But was it their fault?  Big Diego, Dieguito’s father, admits himself that he was never very good in school.  And Brenda, his mother, did not get very far herself.  They probably both grew up in homes where their parents did not offer them much support with school either.  And like that, it continues in an on-going cycle where parents do not fully motivate their children through school, not because they do not care, but because, never having learned from a good example themselves, they do not understand what kind of support is required.

The education system in Brazil has its problems, undoubtedly.  Poor infrastructure, the lack of qualified teachers, poorly designed curriculums, etc.; these are all surely huge obstacles, as well.  But the more basic problem starts with setting an example at home.

Since I started working with Dieguito, he still earns an occasional bilhete when he forgets to write down the full assignment, and he still misses a day of school here and there.  But just knowing that someone else cares –that someone will be disappointed if he forgets to do his homework, that someone will be proud when he gets good marks– he now cares about school and his own progress, too.  And seeing the transformation, his parents are now becoming more involved, too, realizing how they can also take a more active role in their son’s learning process, as well.  Really, as I see it, it’s a big change that starts with something small.  Showing a lit bit of interest and offering a tiny push for motivation can go a long way.  And of course, it all starts with setting the right example.


So, is it really necessary to measure impact?

They say when it rains, it pours. And here in Rocinha, it’s no exception. After 5 days without running water (a new record since we have been here) I came home to find half of the apartment flooded. I guess the water came back, which was great. But unfortunately, a tap had been left open…

Life at work has pretty much followed the same pattern. A main part of my research for Pipa has been to reach out to experts in the field in Brazil and beyond to find out how they have designed their own impact thesis and strategy, and to see how they use metrics to drive their mission forward. After weeks of playing phone tag and sending out one-way emails that never received a response, all of the sudden my luck seems to have changed. My inbox is full with messages from investors, fellow accelerator programs, and academics, and I now have three interviews a day scheduled for the next week straight.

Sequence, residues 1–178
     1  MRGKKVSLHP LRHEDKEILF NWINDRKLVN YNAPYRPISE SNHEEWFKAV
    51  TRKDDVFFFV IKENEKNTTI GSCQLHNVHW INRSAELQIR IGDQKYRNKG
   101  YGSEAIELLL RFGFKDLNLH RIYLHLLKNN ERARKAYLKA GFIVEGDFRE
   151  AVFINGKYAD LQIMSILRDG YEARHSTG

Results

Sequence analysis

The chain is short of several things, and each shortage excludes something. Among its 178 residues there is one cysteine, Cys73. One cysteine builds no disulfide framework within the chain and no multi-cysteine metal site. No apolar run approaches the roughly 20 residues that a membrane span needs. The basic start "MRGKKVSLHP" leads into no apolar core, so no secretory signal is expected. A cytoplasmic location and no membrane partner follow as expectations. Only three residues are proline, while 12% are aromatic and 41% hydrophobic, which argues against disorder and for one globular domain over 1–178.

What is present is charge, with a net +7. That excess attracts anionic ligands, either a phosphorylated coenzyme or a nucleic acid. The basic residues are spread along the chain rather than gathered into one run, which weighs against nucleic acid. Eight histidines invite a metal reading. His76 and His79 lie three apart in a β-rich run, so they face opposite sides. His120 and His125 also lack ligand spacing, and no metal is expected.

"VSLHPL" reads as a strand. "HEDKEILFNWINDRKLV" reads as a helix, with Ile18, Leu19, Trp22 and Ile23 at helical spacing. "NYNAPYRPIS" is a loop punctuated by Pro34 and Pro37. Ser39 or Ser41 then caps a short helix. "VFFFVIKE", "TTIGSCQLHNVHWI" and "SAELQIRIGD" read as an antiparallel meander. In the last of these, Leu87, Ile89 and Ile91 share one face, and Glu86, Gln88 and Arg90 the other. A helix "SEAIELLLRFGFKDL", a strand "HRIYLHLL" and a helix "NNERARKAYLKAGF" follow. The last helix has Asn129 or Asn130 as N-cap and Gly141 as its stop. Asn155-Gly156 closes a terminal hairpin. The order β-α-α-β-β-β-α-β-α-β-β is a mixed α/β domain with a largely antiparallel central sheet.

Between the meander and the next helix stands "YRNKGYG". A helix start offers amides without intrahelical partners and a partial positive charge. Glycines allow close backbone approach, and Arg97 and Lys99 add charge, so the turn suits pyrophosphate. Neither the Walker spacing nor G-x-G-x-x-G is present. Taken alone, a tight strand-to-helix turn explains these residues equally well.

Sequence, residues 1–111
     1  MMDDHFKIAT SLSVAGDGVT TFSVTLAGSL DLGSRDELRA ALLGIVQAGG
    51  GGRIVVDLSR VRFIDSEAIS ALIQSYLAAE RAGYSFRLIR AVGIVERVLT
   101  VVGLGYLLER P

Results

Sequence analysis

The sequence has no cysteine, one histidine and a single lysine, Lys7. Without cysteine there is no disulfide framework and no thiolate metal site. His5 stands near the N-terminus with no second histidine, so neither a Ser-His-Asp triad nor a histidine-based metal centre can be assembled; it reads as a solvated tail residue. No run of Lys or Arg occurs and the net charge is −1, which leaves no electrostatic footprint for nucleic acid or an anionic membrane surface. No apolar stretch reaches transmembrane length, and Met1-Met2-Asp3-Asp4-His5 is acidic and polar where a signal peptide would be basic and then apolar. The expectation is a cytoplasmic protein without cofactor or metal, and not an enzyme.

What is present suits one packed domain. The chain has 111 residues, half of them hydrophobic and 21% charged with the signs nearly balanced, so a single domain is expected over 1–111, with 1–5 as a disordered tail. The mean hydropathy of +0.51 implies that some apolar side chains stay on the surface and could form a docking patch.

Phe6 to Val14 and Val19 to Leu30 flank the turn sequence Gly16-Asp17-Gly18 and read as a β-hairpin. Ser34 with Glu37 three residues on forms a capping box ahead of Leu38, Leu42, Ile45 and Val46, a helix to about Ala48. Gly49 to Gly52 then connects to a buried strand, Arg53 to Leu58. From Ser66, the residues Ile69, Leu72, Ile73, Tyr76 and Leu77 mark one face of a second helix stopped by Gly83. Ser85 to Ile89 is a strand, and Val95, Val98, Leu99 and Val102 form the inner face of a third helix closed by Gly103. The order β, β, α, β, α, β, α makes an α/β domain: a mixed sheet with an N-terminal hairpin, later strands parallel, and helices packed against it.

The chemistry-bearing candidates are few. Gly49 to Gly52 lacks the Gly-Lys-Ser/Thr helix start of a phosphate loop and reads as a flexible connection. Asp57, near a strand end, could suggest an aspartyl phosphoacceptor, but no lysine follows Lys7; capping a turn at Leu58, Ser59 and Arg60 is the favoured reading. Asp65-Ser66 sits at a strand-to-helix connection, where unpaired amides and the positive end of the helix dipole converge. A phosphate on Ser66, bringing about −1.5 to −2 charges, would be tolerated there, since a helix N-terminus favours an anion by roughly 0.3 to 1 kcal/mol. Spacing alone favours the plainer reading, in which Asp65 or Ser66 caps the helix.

From the interviews I have already managed to do in the previous weeks, I have heard a range of different perspectives: investors who put impact vs. finance first, who focus on measuring outputs vs. outcomes, who believe in customized vs. standardized metrics, and some who do not believe in impact metrics at all. Everyone has had a slightly different combination of perspectives on these trade-offs, and I do not think I have heard the same story twice. The only thing that seems to be strikingly clear from each interview is that there really is no one way of approaching how to create and manage impact.

If anything, talking with the experts has only made me less sure that there is a good way to measure impact, and even less sure that there is even a reason why. Impact is really such a broad concept, and trying to force it all together onto one comparable scale is really not feasible or helpful.

Just like a total dollar value does not actually indicate the real health of a company (i.e. what about its governance? presence of corruption? value of human capital? company culture, etc.), there is probably not any metric or even set of metrics for that matter that can paint a perfect picture of impact. And after all, if you are truly making an impact, does it really matter how much?

Don’t get me wrong. I am entirely 100% impact-first myself. For me, the impact is what matters the most; but it does not matter how much because there is no limited value of impact that you can make. The world has an unlimited number of problems, and every problem is a new opportunity to make impact. The only issue with holding this approach to investing is that an investor does have limited resources, and he or she has to make choices on how to spend his o her money and time. In this case, I think metrics can be very valuable. Not as a way to indicate real total impact, but as a way to find some method of making choices and setting priorities on what to invest in and how. These metrics do not have to be perfect. A dollar value isn’t either. But they just need to give some indicator of direction to move ahead– not necessarily down the one right path, but down a path that will make a difference and make an impact regardless.